Separating lies from truths is key to successful negotiation, and research designed to uncover markers of deception can aid in this goal. Below, Michael T. Braun, Lyn M. Van Swol, & Deepak Malhotra consider how the analysis of linguistic patterns between liars and truth-tellers can betray our true intentions, and suggest the effect of this research on business.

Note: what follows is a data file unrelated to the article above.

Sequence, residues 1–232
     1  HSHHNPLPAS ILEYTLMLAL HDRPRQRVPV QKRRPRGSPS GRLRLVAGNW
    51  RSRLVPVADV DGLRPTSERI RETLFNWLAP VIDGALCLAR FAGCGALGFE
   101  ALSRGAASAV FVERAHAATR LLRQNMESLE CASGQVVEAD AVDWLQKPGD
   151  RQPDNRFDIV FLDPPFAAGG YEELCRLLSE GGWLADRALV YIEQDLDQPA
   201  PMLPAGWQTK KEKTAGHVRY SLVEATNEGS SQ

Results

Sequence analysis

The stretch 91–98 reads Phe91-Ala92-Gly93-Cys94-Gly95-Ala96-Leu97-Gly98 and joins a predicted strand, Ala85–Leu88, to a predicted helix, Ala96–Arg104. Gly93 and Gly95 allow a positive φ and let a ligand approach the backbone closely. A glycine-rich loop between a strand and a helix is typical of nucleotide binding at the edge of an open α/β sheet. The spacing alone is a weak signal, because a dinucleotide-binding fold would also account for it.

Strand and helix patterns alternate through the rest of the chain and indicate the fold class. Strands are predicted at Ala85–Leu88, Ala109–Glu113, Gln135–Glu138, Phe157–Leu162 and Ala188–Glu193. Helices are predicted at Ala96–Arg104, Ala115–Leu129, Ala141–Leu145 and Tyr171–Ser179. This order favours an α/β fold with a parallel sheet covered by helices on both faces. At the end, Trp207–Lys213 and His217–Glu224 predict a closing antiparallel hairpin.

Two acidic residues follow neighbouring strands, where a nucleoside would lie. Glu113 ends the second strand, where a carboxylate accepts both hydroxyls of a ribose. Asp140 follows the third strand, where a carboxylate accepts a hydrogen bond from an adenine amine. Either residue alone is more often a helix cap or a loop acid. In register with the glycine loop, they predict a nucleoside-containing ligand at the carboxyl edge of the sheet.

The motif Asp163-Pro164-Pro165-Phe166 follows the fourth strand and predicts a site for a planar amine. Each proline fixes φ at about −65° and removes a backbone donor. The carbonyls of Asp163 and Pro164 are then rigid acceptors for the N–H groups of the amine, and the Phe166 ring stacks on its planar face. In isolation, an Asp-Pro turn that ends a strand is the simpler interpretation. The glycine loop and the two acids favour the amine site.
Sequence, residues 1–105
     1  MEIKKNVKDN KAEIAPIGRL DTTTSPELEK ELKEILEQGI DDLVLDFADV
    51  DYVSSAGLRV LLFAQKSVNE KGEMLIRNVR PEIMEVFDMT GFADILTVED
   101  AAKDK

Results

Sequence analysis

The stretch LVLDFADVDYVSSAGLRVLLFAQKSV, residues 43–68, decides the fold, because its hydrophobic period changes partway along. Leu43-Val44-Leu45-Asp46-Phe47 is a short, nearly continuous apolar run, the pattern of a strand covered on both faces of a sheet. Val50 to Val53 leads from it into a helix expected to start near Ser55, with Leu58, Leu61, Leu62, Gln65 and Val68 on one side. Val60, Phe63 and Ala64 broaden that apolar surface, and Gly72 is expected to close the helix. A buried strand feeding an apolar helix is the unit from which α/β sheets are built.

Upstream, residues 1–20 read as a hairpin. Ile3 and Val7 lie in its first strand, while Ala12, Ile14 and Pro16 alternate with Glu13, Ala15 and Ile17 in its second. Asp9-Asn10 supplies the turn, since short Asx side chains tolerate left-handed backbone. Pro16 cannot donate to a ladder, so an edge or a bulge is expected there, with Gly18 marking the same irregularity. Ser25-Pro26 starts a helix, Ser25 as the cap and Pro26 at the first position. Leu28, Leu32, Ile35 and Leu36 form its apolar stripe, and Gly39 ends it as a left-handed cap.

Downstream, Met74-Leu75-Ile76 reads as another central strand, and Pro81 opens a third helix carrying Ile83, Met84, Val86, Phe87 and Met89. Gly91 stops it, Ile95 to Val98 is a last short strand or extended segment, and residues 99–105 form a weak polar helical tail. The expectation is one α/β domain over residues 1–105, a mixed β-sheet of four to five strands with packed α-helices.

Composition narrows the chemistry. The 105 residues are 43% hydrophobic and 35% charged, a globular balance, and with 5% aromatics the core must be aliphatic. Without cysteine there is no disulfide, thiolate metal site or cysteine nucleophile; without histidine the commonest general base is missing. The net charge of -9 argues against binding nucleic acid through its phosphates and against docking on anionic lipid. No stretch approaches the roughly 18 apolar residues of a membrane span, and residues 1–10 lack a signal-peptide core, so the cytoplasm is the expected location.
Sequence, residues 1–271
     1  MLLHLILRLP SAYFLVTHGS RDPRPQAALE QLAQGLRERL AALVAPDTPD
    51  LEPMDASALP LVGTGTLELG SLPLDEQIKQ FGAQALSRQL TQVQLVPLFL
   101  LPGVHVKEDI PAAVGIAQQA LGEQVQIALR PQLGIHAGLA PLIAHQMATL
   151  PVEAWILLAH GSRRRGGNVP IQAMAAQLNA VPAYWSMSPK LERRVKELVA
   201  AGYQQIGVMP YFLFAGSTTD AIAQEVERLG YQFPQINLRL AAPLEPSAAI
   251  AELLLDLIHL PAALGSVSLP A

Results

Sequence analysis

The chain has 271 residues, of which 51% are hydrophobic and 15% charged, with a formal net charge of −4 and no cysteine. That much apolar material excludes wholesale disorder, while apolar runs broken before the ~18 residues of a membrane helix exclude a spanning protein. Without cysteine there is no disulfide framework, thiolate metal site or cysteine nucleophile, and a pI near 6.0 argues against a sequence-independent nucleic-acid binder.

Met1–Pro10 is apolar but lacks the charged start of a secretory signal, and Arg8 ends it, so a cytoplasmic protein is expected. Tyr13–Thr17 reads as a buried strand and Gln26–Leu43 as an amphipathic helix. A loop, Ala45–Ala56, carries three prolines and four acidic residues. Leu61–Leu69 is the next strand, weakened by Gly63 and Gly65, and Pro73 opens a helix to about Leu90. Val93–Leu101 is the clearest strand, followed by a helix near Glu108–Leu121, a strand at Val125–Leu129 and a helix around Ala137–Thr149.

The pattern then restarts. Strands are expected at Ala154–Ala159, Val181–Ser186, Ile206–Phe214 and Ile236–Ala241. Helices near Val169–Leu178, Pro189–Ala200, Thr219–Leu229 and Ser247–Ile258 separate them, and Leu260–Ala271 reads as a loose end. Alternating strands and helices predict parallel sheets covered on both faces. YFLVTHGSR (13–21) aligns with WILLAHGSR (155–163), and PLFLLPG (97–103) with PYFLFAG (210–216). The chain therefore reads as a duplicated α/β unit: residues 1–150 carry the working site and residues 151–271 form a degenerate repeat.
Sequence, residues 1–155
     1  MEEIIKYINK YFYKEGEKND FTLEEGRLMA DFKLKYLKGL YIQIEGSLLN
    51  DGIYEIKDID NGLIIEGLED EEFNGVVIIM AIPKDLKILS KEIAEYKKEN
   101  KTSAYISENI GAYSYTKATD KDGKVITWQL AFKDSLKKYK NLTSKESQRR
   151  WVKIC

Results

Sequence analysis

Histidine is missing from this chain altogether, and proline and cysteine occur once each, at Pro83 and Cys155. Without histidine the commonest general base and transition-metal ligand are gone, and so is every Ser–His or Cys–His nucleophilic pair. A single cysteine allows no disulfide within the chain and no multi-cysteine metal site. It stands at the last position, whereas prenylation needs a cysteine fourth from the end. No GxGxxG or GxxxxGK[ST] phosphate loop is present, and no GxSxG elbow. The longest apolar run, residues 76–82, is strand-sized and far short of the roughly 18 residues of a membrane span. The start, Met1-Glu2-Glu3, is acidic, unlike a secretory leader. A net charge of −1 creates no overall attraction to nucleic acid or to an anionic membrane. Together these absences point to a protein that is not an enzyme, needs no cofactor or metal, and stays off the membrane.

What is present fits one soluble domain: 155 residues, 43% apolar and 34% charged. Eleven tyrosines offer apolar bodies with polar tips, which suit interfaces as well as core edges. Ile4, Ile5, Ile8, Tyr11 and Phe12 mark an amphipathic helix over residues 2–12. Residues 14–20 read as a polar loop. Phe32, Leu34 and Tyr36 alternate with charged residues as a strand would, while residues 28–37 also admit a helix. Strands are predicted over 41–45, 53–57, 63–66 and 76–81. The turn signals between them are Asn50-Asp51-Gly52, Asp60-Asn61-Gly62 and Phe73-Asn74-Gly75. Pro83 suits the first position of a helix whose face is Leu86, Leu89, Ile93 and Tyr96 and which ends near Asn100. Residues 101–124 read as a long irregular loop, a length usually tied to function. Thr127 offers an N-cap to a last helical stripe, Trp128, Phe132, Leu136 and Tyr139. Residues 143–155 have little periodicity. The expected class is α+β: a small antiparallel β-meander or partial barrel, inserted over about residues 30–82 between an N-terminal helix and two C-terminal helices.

Separating lies from truths and bluffs from honest offers is key to successful negotiation. Negotiators must know when to push for more and when to settle and accept an offer. Research designed to uncover markers of deception can aid in this goal. Research in this area has often focused on behavioral patterns (e.g., fidgeting, avoiding eye contact) and has achieved mixed results. New research, started in the late 1990s and accelerating today, tries a different tack: analysing linguistic patterns between liars and truth-tellers to see if the words we speak can betray our true intentions. This research uses computer software like Linguistic Inquiry Word Count (LIWC) that can quickly count the percentage of words used in specific categories (such as negative emotion words, swear words, pronouns, etc.) from transcripts.